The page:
But really, observing these guidelines is a small price to pay in order to see art as it should be seen, right in front of your eyes. And after two months of lockdown, visiting a gallery is a way to go off-screen and venture out into the world again in a safe way. Ease back into the art life at these eleven shows.
Sputnik, 3 South Broadway
On view indefinitely
For the time being, Sputnik is open for takeout, curbside pick-up and UberEats deliveries of your favorite dishes and cocktails. But while contemplating the restaurant’s eventual reopening under seating restrictions, Sputnik bartender and art curator Trevor Liebler came up with a creative way to ensure proper social distancing inside, with ghost art placed strategically and selectively at the bar and in the booths.
“Since restaurants aren't expected to open with more than 50 percent capacity, our art installation fills the rest of the tables with the literal ghosts of Sputnik's past,” Liebler explains. “Despite being ghosts, they really bring a lot of life back into the restaurant.” Until the doors officially open, you can peek in the windows for a scare when you pick up your grub. Call 720-570-4503 to order.
Walker Fine Art, 300 West 11th Avenue
Through May 16
Inner Voyages opened way back in early March, only to be shut down by city edict as COVID-19 began to spread. Since then, gallery owner Bobbi Walker has been bolstering WFA’s presence with online tours and discussions, but now WFA is opening its doors with special care, offering patrons a last chance to see the show in person.
Six gallery artists — Aaron Morgan Brown, Malcolm Easton, Katie Kalkstein, Conor King and Angela Piehl —step into the dreamy territory of the inner dimensions with contemplative, ephemeral and surreal results. Elements of photography, digital collage, draftsmanship, painting and mixed media provide a true visual experience and a real fantastic voyage. WFA is resuming normal hours — 11 a.m. to 5 p.m. Tuesdays through Saturdays — but come equipped with a mask and ready to practice proper distancing. A new exhibition, Power & Fragility, opens on May 22.
William Havu Gallery, 1040 Cherokee Street
Through June 13
Across the street from Walker Fine Art, William Havu Gallery is also reopening, with restrictions, giving new life to a quartet of shows that opened in early March, featuring landscape painters Sushe Felix and Tracy Felix; ceramics artist Max Lehman, who updates imagery drawn from ancient cultures; and in a nod to Mo’Print 2020, an exhibition of prints by Tony Ortega, who puts a satirical spin on old Mexican stereotypes. Gallery hours are 10 a.m. to 6 p.m. Tuesday through Friday; 11 a.m. to 5 p.m. Saturday; and by appointment only on Sunday and Monday. Masks are required for everyone over the age of three, and socially distanced guests are limited to five at a time; you’ll have to knock on the locked door to be let in. Appointments are recommended for any visit; e-mail [email protected] to let them know you’re on the way.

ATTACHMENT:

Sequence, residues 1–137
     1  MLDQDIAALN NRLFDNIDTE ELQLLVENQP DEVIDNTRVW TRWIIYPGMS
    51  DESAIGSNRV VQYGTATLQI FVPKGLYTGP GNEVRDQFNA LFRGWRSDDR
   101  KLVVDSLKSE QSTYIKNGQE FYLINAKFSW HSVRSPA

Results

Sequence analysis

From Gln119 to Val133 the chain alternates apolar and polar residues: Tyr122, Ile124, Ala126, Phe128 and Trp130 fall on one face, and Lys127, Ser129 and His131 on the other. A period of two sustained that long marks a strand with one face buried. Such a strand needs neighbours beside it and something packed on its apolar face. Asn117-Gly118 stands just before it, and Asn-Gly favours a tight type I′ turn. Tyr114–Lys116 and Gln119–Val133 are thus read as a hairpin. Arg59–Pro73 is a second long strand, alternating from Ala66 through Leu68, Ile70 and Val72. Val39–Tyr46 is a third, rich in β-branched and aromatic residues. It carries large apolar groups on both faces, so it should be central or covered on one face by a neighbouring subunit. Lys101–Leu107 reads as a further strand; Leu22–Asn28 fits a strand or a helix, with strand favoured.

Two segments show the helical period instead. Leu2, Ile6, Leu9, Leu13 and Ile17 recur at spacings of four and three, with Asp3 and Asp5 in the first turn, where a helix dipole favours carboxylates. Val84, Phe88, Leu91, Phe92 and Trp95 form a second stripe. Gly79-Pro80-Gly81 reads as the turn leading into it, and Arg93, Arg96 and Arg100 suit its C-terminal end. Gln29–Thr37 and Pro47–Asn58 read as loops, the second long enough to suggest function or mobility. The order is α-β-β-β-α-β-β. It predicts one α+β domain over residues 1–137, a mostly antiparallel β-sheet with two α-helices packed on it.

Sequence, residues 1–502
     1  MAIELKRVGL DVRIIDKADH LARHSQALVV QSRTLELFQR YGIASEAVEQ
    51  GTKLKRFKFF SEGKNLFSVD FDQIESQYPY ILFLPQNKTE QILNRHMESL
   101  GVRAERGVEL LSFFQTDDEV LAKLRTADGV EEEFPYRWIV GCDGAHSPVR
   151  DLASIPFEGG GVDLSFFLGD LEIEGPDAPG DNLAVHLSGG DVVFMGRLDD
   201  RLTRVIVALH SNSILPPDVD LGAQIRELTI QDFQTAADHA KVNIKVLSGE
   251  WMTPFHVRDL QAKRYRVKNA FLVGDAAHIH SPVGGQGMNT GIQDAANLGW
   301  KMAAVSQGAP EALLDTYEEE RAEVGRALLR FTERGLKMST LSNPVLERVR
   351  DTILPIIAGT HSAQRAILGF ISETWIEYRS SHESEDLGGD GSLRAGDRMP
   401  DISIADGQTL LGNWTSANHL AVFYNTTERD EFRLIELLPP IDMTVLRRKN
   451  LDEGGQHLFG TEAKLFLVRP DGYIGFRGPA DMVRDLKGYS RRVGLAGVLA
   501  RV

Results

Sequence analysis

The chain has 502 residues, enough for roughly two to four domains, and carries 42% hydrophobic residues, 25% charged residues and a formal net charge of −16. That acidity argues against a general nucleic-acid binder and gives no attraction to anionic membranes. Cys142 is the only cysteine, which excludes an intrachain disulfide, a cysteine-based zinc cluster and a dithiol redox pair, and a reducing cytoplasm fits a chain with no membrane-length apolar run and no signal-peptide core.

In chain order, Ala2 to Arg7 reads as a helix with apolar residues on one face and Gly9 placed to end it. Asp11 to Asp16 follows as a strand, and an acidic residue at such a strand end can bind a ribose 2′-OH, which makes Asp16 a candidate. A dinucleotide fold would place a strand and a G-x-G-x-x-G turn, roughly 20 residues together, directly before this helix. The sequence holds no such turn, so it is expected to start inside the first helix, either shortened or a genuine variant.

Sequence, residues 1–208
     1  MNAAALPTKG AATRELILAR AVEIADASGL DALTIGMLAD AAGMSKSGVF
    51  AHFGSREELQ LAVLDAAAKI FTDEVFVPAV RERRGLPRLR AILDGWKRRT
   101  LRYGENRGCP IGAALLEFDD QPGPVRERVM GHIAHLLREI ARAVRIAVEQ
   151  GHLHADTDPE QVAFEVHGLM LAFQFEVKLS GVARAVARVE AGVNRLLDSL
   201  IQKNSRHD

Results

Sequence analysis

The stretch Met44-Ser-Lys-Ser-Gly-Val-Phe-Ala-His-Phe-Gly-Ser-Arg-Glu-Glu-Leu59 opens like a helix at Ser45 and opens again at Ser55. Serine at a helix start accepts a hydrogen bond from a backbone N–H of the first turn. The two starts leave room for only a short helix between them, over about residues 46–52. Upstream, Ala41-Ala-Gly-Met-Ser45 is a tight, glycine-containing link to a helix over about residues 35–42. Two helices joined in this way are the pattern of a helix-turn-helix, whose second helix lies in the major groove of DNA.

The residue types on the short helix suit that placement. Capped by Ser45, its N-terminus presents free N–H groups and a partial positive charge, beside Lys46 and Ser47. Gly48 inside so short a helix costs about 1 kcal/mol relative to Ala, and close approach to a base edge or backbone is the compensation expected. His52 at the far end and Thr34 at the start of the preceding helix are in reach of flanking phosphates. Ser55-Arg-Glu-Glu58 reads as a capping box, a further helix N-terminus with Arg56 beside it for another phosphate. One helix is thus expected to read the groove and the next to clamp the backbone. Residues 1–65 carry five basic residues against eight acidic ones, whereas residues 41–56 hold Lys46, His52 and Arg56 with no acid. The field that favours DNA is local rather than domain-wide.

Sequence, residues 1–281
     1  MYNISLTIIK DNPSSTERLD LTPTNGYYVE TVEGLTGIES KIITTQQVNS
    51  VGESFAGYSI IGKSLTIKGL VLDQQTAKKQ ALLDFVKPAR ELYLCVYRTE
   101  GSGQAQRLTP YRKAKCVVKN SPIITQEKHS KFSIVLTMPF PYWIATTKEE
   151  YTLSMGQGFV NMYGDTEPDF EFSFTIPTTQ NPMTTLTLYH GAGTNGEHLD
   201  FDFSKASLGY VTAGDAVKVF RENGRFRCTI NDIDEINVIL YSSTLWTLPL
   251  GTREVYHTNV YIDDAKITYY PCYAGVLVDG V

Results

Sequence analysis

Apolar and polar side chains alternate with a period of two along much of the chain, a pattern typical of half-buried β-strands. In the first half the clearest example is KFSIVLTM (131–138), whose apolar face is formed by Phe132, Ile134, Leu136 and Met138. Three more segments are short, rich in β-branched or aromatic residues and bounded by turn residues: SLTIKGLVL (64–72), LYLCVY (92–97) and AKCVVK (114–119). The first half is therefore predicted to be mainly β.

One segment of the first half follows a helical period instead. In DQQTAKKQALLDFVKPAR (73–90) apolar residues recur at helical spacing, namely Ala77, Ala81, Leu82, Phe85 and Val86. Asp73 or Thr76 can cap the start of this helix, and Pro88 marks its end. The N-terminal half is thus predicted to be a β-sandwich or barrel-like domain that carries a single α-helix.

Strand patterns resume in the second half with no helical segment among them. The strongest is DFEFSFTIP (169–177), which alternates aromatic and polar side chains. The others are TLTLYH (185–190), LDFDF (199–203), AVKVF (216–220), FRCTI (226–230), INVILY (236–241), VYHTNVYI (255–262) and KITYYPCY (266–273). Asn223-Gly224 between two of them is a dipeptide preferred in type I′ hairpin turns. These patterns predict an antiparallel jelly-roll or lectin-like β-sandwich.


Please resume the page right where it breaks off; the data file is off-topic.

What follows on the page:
Firehouse Art Center, 667 Fourth Avenue, Longmont
May 13 through June 7
Firehouse is quietly opening its doors for a new show, Only Entropy Comes Easy, by Rebecca Aloisio and Paho Mann, photography-based artists who are broadening the boundaries on the photographic process. See the show by appointment Wednesdays through Fridays between noon and 5 p.m. (e-mail [email protected] at least 24 hours in advance) and by limited entry on Saturdays and Sundays during the same hours. If you misplace your mask, Firehouse is selling them for $5 at the door, and only five people will be allowed in the gallery at one time. If you’re not yet ready to walk into a gallery, Firehouse’s current online group exhibition (and Firehouse fundraiser) Artists in Their Residence continues through June 30.